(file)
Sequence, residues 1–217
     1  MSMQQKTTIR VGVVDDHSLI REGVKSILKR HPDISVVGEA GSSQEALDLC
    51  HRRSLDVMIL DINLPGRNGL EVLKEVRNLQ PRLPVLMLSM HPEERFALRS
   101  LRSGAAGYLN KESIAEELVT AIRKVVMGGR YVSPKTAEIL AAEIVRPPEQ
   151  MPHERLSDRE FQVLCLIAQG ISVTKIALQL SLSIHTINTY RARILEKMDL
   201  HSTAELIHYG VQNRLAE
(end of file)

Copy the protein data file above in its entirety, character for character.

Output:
Sequence, residues 1–217
     1  MSMQQKTTIR VGVVDDHSLI REGVKSILKR HPDISVVGEA GSSQEALDLC
    51  HRRSLDVMIL DINLPGRNGL EVLKEVRNLQ PRLPVLMLSM HPEERFALRS
   101  LRSGAAGYLN KESIAEELVT AIRKVVMGGR YVSPKTAEIL AAEIVRPPEQ
   151  MPHERLSDRE FQVLCLIAQG ISVTKIALQL SLSIHTINTY RARILEKMDL
   201  HSTAELIHYG VQNRLAE